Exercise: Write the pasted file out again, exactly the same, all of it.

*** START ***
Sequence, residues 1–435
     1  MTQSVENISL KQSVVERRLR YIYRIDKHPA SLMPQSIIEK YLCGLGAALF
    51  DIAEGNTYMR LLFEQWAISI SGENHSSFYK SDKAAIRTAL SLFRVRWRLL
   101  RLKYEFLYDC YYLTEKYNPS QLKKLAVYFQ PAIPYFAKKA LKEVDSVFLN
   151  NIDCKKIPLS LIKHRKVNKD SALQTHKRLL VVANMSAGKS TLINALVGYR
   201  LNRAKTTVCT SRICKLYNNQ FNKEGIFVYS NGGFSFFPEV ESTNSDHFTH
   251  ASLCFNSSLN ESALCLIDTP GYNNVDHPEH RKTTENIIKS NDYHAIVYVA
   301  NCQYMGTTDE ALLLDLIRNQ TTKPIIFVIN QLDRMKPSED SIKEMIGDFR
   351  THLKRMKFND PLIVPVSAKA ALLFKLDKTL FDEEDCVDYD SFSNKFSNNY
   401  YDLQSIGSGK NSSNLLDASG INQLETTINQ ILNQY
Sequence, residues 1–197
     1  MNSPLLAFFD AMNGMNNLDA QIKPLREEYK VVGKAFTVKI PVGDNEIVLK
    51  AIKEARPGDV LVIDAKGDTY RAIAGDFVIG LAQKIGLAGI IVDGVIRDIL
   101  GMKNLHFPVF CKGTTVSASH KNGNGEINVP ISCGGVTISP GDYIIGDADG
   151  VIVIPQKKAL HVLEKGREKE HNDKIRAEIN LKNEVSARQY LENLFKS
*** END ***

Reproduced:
Sequence, residues 1–435
     1  MTQSVENISL KQSVVERRLR YIYRIDKHPA SLMPQSIIEK YLCGLGAALF
    51  DIAEGNTYMR LLFEQWAISI SGENHSSFYK SDKAAIRTAL SLFRVRWRLL
   101  RLKYEFLYDC YYLTEKYNPS QLKKLAVYFQ PAIPYFAKKA LKEVDSVFLN
   151  NIDCKKIPLS LIKHRKVNKD SALQTHKRLL VVANMSAGKS TLINALVGYR
   201  LNRAKTTVCT SRICKLYNNQ FNKEGIFVYS NGGFSFFPEV ESTNSDHFTH
   251  ASLCFNSSLN ESALCLIDTP GYNNVDHPEH RKTTENIIKS NDYHAIVYVA
   301  NCQYMGTTDE ALLLDLIRNQ TTKPIIFVIN QLDRMKPSED SIKEMIGDFR
   351  THLKRMKFND PLIVPVSAKA ALLFKLDKTL FDEEDCVDYD SFSNKFSNNY
   401  YDLQSIGSGK NSSNLLDASG INQLETTINQ ILNQY
Sequence, residues 1–197
     1  MNSPLLAFFD AMNGMNNLDA QIKPLREEYK VVGKAFTVKI PVGDNEIVLK
    51  AIKEARPGDV LVIDAKGDTY RAIAGDFVIG LAQKIGLAGI IVDGVIRDIL
   101  GMKNLHFPVF CKGTTVSASH KNGNGEINVP ISCGGVTISP GDYIIGDADG
   151  VIVIPQKKAL HVLEKGREKE HNDKIRAEIN LKNEVSARQY LENLFKS